Creativity, well-being and culture

Over the years, I realised that story was crucial to the well-being and culture of a class and school. Classes and schools have their own narrative – what they tell themselves they are and their purpose might be. Teachers possess and create a narrative with the class as they move through the year. What does it mean to be a young learner in this class – is this the year in which a child learns that they cannot do maths and is relegated to the ‘slow table’ (where I sat over half a century ago)? Or is this the year in which a skilled and creative teacher taught you how to sing, so you found the voice that you never knew that you possessed? Creative teachers help children create and this can be transformational

We have all been and are still passing through what will hopefully become a unique experience. During the pandemic, children worries will have festered and grown out of proportion, some will have witnessed and experienced arguments, tensions and worse. They will need to come together for the daily soothing balm of narrative, poetry, song, dance, art and all forms of creativity. Everyone will need to talk about what has happened, to write about it, to create and play out stories based around their experiences and concerns.

If creativity is simply about the ability to generate fresh ideas that might be of some use and interest then this has to be a central aim of education. As Ken Robinson has so succinctly and eloquently stated in his famous TED talk the one thing that we know our children starting school today will need in 50 years time, we can be sure that creativity will be necessary for sure.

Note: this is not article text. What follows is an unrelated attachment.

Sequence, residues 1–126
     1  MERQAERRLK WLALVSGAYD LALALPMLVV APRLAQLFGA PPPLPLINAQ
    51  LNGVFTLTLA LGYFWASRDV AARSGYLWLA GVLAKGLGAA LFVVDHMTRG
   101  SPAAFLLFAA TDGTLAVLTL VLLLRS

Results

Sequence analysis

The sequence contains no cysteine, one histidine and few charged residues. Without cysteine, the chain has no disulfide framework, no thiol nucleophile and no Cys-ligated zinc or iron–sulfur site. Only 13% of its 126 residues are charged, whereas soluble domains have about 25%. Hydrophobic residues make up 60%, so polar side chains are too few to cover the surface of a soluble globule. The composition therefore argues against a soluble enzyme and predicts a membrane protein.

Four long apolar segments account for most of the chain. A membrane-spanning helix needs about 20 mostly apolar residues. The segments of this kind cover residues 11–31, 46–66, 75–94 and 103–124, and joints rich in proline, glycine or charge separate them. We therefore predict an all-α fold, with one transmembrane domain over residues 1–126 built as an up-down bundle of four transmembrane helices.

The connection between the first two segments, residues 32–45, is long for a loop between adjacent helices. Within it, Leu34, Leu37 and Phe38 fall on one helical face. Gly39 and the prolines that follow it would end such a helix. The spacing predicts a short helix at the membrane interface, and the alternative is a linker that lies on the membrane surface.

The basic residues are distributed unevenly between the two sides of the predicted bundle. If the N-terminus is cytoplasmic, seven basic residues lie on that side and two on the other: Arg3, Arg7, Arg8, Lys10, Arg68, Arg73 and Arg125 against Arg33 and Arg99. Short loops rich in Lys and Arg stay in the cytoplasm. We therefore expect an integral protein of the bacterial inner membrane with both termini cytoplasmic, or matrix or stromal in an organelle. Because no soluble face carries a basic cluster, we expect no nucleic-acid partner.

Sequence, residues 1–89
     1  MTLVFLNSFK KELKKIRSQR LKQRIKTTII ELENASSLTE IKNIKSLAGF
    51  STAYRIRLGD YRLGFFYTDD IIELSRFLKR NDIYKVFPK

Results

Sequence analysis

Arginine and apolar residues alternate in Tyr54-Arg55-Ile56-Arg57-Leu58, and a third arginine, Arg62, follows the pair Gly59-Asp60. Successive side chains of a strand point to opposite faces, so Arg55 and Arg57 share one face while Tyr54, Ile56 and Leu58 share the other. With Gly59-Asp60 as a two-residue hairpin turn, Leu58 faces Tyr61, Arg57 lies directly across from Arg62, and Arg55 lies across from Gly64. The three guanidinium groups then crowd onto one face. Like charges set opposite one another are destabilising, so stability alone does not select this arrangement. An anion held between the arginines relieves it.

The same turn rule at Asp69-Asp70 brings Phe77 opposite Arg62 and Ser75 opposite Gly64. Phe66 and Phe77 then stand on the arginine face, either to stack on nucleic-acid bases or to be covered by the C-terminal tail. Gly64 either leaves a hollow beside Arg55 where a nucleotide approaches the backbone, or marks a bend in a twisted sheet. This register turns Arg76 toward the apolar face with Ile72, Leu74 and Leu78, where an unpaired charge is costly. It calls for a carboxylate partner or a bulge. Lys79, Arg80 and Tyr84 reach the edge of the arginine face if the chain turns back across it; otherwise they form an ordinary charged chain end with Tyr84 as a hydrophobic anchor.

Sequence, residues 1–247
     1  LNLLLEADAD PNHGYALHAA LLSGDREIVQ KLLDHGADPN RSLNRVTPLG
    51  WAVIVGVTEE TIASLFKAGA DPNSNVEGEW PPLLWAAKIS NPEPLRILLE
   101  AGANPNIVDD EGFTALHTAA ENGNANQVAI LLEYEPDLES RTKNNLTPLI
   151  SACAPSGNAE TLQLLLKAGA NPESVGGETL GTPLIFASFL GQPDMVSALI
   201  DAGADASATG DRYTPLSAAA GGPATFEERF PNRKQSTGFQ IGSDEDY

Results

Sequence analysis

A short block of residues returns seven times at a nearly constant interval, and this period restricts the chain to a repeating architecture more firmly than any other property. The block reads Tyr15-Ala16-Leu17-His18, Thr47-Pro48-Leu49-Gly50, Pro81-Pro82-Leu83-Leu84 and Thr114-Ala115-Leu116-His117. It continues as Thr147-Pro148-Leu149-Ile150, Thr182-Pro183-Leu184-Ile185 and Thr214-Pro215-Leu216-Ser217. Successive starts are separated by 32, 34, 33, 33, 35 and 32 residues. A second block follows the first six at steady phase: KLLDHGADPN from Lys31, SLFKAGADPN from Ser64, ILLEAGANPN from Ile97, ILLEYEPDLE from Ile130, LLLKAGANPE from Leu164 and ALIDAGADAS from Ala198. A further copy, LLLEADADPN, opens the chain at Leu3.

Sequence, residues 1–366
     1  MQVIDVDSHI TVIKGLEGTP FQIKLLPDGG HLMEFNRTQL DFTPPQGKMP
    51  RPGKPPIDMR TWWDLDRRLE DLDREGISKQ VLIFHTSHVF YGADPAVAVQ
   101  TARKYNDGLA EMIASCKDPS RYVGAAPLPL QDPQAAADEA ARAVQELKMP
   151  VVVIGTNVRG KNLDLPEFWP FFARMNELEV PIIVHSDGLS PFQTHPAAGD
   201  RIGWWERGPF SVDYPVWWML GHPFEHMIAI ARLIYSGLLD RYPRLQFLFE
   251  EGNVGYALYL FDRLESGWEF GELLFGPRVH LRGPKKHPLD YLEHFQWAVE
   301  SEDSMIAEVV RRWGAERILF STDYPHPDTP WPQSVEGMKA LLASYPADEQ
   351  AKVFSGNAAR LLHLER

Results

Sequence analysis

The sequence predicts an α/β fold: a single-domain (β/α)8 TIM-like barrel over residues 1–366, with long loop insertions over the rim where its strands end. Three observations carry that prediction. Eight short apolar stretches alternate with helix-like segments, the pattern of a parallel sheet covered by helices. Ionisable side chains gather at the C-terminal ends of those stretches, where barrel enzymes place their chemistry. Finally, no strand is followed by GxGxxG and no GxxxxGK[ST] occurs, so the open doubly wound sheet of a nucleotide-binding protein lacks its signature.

If schools do not have creativity and the arts at their heart, then they are heartless places. What do we find in every culture? Art, song, dance, religion – and story. It is central to being civilised and should be central to education. Without story our schools are dry as dust.

 

© Pie Corbett 2020

<a href="https://blog.hope-education.co.uk/author/william-hinch/" target="_self">William Hinch</a>

William Hinch

Hope Education writer

Will has been writing for Hope Education since July 2020, helping provide teachers with tips, advice and insight that helps them educate the next generation. Away from his educational writing, Will is a typical Yorkshireman; a lover of ale, cricket and tea!

2 September 2020